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Is a New Home Equity Loan Right for You?

Equity refers to the monetary investment in an asset, whether or not the asset is real estate. Home equity is the amount of actual home ownership built up as the property appreciates in value and the home owner pays the monthly mortgage payment. Essentially, it is the current market value of the home less the mortgage balance.

One of the financial advantages of home ownership is having the option to use home equity built up in the property as collateral for borrowing money. However, the decision to take on the debt of a home equity loan, or HEL, requires you to get cash advances from personal cash advance.

Even though the equity built up in a home may generate a large sum of necessary cash, the loan must be repaid. At risk is the property that will be forfeited to the lender if the loan is not repaid.

Mechanics of a Home Equity Loan

A bank, a mortgage company, or other lending institution determines how much of the equity they will lend based on several factors. Considerable weight goes to the current market value of the home and the risk involved in lending the money. The lender needs to be reasonably certain that, should the borrower default, they'll be able to sell the property for at least the amount they're lending.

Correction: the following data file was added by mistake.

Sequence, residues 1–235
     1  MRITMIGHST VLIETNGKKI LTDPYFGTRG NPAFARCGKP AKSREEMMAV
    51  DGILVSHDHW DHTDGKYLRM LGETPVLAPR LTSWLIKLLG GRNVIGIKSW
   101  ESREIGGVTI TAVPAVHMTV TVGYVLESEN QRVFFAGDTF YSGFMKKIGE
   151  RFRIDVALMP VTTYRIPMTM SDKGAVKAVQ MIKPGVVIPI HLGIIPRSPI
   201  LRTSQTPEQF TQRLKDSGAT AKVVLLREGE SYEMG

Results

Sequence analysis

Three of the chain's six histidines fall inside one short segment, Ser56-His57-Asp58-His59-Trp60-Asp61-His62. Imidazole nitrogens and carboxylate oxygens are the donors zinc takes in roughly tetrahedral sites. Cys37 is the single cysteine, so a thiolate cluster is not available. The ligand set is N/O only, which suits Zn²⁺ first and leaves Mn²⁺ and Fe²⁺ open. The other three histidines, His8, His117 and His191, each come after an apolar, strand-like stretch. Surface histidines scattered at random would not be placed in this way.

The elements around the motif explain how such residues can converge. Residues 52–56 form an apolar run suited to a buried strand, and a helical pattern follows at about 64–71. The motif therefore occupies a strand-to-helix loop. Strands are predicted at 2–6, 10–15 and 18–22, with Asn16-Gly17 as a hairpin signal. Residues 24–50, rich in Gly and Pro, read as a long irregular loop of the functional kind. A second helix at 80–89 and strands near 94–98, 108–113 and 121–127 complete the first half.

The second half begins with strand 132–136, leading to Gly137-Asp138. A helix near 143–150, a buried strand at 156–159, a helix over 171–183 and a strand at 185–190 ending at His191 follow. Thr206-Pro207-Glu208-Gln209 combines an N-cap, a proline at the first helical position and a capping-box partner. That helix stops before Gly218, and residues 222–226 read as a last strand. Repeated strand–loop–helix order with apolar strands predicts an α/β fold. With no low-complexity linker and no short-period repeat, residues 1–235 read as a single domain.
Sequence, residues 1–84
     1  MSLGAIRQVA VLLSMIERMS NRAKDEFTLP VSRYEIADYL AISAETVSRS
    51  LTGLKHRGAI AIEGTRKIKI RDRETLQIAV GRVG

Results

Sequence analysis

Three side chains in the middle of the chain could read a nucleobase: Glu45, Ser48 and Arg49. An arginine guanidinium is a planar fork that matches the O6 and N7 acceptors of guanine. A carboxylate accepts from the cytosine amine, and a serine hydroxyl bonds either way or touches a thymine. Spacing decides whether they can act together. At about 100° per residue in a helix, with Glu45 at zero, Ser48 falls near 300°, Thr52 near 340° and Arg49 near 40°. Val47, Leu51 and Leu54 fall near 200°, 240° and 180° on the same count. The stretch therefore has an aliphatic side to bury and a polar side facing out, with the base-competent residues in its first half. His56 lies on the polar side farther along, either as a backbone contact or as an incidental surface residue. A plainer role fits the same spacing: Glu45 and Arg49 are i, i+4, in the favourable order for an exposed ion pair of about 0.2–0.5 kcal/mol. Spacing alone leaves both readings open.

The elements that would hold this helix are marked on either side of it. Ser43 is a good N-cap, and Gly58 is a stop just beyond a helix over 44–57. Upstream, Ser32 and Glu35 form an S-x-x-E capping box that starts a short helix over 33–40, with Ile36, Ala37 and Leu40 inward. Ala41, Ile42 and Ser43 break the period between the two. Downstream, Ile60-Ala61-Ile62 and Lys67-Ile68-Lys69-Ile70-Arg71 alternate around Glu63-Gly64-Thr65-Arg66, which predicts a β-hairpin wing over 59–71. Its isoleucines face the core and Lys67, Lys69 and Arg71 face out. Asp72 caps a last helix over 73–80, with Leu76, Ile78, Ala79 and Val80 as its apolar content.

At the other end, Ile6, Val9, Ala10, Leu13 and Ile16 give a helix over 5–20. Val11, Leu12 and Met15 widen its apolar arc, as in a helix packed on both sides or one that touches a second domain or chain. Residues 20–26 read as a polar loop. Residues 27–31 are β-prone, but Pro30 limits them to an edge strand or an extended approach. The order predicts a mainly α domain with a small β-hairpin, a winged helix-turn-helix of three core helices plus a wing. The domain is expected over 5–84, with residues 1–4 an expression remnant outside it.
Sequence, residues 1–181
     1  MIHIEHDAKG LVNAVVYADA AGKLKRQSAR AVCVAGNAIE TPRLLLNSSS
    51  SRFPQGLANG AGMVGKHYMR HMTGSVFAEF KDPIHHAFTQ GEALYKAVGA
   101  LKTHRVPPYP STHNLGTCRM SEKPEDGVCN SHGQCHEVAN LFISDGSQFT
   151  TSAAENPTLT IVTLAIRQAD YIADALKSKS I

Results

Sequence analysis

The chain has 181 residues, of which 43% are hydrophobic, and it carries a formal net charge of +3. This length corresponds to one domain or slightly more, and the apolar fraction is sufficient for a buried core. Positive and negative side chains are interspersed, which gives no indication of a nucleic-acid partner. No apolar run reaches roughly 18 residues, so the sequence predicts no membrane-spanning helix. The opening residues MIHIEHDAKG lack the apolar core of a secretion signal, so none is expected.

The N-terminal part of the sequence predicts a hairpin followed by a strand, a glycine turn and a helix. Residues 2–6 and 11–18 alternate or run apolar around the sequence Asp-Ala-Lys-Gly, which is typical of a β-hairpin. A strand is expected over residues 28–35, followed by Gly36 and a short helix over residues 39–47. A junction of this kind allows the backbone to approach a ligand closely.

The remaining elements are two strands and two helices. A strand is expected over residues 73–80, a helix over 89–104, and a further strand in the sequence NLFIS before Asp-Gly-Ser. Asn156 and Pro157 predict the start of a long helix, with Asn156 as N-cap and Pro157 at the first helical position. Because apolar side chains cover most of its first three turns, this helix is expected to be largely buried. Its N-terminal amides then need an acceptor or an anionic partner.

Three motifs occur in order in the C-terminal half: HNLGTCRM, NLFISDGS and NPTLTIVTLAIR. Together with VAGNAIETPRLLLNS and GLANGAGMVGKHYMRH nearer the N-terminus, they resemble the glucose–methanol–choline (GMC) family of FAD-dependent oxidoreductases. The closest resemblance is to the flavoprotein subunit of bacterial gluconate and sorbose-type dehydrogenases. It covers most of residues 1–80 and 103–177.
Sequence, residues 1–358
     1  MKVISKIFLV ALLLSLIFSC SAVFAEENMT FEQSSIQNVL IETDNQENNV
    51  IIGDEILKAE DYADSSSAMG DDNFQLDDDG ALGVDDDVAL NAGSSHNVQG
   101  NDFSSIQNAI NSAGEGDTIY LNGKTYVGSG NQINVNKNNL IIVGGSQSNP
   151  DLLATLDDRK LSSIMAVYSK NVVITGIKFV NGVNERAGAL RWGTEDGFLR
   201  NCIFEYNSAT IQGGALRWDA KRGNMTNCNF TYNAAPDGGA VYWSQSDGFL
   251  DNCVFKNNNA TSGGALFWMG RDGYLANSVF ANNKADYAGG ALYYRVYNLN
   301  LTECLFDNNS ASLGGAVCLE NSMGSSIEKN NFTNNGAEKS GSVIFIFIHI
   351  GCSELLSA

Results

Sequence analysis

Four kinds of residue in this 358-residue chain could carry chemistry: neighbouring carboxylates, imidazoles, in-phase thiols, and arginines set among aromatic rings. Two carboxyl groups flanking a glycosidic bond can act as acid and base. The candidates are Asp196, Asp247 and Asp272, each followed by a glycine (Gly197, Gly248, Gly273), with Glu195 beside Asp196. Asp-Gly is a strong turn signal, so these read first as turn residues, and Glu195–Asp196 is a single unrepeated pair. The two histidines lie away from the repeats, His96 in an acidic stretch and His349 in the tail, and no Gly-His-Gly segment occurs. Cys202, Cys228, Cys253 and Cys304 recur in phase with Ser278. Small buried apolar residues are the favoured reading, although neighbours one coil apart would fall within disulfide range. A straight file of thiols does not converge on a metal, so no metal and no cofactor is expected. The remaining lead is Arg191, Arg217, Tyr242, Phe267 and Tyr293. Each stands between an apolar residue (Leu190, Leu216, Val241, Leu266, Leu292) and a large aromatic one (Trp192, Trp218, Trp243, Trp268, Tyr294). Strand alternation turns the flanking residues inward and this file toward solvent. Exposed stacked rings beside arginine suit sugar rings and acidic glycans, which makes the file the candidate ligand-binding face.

A HEL may take the form of a second mortgage that produces a lump-sum of money that is to be repaid in fixed monthly installments over 10 to 15 years. Typically, the home owner will lock in a fixed rate. The loan may also take the form of a home equity line of credit, or HELOC. The HELOC functions like a credit card, but the rate is lower because, unlike an unsecured commercial credit card, the loan is secured with the home owner's property.

Avoiding Negative Equity

When taking out a HEL, the homeowner should avoid borrowing more money than can be paid back by selling the property. You want to avoid creating a negative equity situation in which you are upside down, or under water, with the loan.

HEL or HELOC?

Deciding whether to borrow a traditional HEL or a HELOC depends on the individual situation. Consideration must be given to financial and personal goals, ability to repay the loan as agreed, typical spending habits, and the amount of risk the home owner can handle.

Typically, a traditional HEL is a good choice for purchasing goods or services that have long-lasting benefits and for which payment is due in full at once. On the other hand, HELOCs are good for financing needs that arise unexpectedly and can be paid back in a relatively short period of time.

Proceed with caution, however, if the reason for taking out a HEL or HELOC is to help pay for years of living beyond means. Without making appropriate changes in spending habits, you should probably think twice, or perhaps thrice, about putting your shelter at risk.